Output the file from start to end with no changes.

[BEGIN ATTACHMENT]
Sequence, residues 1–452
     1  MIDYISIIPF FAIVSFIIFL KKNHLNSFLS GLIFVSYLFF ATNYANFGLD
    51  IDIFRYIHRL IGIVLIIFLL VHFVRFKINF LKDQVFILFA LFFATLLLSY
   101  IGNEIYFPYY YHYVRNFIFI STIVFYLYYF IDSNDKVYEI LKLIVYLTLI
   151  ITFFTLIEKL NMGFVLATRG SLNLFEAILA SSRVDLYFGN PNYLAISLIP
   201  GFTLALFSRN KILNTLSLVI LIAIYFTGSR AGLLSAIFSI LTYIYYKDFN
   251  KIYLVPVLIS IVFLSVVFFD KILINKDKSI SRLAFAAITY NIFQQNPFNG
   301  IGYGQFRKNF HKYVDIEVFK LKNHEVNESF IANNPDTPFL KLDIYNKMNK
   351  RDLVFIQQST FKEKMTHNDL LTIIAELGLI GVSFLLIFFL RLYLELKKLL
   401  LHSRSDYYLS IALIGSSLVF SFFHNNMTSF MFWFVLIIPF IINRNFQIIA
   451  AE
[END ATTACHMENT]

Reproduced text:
Sequence, residues 1–452
     1  MIDYISIIPF FAIVSFIIFL KKNHLNSFLS GLIFVSYLFF ATNYANFGLD
    51  IDIFRYIHRL IGIVLIIFLL VHFVRFKINF LKDQVFILFA LFFATLLLSY
   101  IGNEIYFPYY YHYVRNFIFI STIVFYLYYF IDSNDKVYEI LKLIVYLTLI
   151  ITFFTLIEKL NMGFVLATRG SLNLFEAILA SSRVDLYFGN PNYLAISLIP
   201  GFTLALFSRN KILNTLSLVI LIAIYFTGSR AGLLSAIFSI LTYIYYKDFN
   251  KIYLVPVLIS IVFLSVVFFD KILINKDKSI SRLAFAAITY NIFQQNPFNG
   301  IGYGQFRKNF HKYVDIEVFK LKNHEVNESF IANNPDTPFL KLDIYNKMNK
   351  RDLVFIQQST FKEKMTHNDL LTIIAELGLI GVSFLLIFFL RLYLELKKLL
   401  LHSRSDYYLS IALIGSSLVF SFFHNNMTSF MFWFVLIIPF IINRNFQIIA
   451  AE